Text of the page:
Summary: 11-year-old Charlie has been sent to live with her Aunt Bertha and Uncle Gus while her father serves a jail term and her mother “gets back on her feet”. Charlie’s not exactly sure what that means, but she does know that she doesn’t want to be living in the hillbilly town of Colby, North Carolina away from her home in Raleigh and her big sister Jackie. She doesn’t much care for Howard, the neighbor boy who tries to befriend her, and she’s not sure what she thinks of her loquacious, quirky aunt. Charlie’s a big believer in making wishes, and she has one wish that she makes whenever she gets a chance, whether it’s finding a penny, seeing the first star come out, or getting the bigger part of the wishbone. In fact, Wishbone is the name she gives to the stray dog she glimpses in the woods near her aunt and uncle’s home, and she enlists Howard to help her with a plan to catch the dog and turn him into a pet. Their plan succeeds, and Wishbone turns out to be the first good thing to happen to Charlie in a long time. When Jackie comes for a visit, Charlie gets a chance to see her surroundings through new eyes, and begins to appreciate the people who care about her. A surprise phone call from her mother turns her world upside down and forces Charlie to make some difficult choices. 240 pages; grades 4-6.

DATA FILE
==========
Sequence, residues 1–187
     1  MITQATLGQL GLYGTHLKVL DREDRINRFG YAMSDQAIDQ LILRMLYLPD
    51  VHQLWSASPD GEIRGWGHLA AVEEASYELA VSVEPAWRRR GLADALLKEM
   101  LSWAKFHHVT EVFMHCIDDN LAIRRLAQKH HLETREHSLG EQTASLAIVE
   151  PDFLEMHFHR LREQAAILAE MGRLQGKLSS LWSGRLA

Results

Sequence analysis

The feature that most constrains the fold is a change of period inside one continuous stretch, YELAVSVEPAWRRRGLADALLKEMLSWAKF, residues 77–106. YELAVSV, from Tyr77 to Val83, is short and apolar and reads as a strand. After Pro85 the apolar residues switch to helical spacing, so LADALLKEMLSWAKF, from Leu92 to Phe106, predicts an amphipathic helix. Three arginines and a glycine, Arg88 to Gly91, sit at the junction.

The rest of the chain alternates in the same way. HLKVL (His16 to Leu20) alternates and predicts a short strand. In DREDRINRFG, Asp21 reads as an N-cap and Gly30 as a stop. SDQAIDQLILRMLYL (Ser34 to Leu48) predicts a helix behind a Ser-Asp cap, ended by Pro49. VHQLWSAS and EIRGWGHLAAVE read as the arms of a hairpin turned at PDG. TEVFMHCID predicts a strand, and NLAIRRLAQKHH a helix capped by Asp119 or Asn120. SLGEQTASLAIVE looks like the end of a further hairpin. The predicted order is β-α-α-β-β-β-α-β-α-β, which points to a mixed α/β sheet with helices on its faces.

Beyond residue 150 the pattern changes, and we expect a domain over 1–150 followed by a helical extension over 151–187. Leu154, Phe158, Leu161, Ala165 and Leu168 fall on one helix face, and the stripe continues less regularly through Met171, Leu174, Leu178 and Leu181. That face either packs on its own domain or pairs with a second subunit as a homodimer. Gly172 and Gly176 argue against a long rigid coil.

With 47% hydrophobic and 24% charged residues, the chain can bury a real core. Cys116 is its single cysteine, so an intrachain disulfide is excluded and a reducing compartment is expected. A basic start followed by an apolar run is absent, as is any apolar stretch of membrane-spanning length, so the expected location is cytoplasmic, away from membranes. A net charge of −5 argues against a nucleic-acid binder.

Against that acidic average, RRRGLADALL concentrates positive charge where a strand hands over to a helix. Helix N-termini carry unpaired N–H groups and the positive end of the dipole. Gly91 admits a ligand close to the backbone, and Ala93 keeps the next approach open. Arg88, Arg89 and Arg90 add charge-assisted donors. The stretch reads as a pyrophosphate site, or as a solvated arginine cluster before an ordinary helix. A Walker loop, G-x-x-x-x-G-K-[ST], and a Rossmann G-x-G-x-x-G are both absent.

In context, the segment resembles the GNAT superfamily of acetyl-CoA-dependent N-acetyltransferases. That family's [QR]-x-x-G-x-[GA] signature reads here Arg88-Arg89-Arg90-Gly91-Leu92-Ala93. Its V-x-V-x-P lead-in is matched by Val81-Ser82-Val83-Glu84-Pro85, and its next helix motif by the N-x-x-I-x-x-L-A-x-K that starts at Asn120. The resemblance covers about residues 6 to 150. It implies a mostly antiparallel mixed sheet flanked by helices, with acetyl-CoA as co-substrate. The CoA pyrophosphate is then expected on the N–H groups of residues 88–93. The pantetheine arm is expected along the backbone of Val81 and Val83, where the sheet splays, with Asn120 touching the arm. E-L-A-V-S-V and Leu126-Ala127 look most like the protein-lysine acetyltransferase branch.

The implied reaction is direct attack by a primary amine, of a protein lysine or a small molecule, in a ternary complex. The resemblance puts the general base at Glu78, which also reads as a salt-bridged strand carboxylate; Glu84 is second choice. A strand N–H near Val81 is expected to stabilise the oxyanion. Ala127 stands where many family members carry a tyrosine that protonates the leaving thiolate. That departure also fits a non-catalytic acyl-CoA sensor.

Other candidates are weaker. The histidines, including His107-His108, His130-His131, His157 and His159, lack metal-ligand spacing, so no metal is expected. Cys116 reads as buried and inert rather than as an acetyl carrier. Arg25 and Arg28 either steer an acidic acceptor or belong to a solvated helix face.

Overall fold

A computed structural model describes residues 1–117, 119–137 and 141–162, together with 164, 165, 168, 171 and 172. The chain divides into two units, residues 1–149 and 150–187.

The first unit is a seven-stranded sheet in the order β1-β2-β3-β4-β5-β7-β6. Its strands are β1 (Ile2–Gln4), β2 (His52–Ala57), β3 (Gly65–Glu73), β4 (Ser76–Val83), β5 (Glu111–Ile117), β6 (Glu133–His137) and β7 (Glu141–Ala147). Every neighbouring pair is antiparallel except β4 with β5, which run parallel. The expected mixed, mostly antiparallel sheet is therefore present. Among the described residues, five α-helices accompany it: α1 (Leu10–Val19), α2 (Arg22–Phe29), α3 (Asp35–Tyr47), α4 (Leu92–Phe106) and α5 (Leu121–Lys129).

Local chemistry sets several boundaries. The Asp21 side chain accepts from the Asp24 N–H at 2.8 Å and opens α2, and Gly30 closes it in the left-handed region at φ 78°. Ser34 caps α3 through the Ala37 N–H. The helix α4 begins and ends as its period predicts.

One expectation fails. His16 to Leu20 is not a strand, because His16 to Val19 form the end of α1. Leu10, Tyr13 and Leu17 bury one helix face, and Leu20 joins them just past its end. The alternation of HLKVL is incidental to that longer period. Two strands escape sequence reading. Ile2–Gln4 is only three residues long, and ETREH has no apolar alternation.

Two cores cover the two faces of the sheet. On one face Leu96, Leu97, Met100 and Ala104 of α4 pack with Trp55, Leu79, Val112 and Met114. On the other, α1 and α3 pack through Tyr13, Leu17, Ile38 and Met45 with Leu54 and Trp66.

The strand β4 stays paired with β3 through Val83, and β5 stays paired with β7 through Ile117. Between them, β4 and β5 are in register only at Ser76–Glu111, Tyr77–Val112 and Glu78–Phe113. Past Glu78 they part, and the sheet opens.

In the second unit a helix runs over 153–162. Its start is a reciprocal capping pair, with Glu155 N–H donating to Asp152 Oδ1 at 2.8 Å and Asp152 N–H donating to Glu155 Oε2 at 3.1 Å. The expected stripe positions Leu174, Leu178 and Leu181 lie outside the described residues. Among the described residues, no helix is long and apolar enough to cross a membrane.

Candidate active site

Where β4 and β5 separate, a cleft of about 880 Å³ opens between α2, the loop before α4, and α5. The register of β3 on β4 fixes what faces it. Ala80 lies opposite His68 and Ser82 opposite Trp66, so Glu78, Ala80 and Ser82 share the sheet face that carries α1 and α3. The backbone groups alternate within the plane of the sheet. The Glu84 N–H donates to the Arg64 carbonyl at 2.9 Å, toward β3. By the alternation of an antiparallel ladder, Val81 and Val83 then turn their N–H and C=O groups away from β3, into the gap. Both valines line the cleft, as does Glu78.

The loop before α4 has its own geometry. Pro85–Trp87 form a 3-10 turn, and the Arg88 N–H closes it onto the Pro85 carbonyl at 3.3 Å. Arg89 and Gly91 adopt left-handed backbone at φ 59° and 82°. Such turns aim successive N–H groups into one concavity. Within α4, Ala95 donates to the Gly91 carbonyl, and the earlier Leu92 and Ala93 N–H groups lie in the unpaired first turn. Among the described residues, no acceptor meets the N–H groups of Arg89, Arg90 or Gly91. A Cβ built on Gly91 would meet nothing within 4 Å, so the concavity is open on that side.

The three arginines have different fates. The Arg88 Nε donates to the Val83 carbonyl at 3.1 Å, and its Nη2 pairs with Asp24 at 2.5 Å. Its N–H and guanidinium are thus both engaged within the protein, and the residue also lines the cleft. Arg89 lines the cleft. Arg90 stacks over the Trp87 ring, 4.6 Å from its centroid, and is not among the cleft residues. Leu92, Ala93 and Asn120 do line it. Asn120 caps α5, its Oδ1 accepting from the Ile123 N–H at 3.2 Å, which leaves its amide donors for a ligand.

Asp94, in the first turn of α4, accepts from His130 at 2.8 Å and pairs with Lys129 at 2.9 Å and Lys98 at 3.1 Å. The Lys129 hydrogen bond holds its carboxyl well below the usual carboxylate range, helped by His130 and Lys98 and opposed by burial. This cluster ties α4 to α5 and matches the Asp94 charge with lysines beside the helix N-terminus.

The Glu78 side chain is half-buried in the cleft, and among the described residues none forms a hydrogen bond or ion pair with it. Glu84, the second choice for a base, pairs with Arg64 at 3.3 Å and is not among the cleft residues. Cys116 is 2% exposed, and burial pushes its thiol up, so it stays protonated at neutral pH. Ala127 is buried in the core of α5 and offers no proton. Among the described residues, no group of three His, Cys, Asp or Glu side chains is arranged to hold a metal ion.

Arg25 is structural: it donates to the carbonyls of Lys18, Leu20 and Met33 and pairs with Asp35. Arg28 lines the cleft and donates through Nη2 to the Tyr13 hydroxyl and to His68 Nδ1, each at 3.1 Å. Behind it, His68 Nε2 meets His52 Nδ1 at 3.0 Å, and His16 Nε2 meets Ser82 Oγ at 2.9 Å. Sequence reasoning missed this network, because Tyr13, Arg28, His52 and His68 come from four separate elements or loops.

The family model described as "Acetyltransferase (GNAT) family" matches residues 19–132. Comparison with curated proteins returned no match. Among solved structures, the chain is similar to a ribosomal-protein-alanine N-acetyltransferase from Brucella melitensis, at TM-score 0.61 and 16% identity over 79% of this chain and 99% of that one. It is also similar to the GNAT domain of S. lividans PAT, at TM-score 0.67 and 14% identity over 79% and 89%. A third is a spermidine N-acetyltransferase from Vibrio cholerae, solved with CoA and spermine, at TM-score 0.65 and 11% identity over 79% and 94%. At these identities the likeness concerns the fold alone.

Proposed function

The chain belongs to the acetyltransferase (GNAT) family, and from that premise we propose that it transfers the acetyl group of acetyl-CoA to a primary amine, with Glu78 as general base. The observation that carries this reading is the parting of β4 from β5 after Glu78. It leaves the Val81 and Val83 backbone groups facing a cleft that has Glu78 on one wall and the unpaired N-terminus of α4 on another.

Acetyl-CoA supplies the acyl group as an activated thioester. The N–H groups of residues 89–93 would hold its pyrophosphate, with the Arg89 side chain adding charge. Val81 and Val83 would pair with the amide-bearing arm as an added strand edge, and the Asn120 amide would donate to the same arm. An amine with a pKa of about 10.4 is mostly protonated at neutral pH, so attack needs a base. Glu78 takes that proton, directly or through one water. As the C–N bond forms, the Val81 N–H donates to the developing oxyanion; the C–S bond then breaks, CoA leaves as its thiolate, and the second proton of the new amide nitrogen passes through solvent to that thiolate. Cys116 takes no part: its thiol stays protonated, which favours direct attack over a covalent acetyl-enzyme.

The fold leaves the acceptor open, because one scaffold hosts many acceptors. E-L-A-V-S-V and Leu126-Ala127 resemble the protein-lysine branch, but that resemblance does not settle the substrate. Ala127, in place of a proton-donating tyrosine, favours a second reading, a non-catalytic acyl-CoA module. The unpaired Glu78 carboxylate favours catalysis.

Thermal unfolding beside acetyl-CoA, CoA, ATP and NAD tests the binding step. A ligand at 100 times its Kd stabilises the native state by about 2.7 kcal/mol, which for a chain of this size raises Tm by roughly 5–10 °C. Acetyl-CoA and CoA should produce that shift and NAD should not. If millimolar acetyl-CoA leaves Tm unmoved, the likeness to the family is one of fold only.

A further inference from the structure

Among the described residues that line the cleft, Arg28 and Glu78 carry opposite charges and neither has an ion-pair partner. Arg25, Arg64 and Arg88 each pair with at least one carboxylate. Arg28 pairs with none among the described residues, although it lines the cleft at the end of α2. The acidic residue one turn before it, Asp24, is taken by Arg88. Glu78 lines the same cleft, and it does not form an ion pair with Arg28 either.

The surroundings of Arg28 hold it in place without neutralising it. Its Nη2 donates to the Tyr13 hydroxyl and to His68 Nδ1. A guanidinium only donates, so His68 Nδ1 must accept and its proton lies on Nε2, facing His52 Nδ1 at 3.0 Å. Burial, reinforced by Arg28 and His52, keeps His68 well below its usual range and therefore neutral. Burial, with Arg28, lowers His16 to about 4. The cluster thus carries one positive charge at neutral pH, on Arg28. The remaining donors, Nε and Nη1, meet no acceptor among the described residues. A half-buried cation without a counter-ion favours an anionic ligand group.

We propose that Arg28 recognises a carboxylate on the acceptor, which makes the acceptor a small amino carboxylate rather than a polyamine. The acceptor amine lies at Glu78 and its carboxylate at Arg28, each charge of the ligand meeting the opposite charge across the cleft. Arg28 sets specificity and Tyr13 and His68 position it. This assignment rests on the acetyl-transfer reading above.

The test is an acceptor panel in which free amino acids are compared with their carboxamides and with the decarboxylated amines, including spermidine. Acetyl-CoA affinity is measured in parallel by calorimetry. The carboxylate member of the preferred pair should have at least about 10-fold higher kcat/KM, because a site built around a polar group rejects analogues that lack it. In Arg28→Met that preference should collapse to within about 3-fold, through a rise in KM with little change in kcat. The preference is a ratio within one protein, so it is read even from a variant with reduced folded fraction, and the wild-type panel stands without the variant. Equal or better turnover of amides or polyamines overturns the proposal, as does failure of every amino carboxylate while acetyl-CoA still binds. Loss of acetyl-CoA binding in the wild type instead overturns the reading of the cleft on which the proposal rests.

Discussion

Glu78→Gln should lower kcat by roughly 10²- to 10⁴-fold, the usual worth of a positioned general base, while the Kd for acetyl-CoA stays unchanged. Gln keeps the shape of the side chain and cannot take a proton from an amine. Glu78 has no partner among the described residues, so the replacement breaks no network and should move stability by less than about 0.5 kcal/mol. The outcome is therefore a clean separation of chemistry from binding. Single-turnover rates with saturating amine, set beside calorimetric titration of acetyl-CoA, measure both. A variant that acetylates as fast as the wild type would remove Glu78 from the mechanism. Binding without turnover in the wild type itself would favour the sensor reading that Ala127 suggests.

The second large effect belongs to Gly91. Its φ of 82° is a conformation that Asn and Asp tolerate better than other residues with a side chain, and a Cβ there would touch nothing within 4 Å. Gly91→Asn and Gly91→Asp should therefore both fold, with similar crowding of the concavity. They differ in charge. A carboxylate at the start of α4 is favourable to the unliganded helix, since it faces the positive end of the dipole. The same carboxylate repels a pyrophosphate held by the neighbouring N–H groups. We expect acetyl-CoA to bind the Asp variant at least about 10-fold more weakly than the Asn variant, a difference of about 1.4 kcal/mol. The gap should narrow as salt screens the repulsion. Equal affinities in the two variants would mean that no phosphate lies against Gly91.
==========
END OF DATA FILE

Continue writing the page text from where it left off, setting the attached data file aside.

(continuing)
Pros: The adorable, appealing cover is just the beginning of a heartwarming story of a girl who’s had way too much to deal with in her short life, yet still has the resiliency and heart to slowly learn to care about the people around her. Keep the Kleenex close at hand as you approach the final chapters.
Cons: I’d love to know what happens to Charlie and Jackie, but I have a feeling this will be a stand-alone book.
Published by Schwartz and Wade Books
Summary: Each page has just four words on it, starting with “Home Mama Brother Sister”. Owl leaves the nest for a nighttime flight (“Soar Glide Swoop Swoosh”). In the middle of the book, he lands on a branch over the water and sees his reflection: Owl Sees Owl. The rest of the book’s pages mirror the first half of the book; as the owl returns home, there’s a page with “Swoosh Swoop Glide Soar”, the reverse order of those same words on an earlier page. Finally, the owl lands back in his nest, and the last page reads, “Sister Brother Mama Home”. 40 pages, ages 3-8.
Pros: This reminded me of Marilyn Singer’s reverso poetry books, in which the second verse is the opposite of the first, changing the meaning. There are plenty of strong nouns and verbs, since each word has to do a lot of work to tell the story. The pictures perfectly capture Owl’s silent nighttime world.
Cons: It took me a few readings to realize the second half of the book was the reverse of the first half; without guidance, kids may miss this cool feature.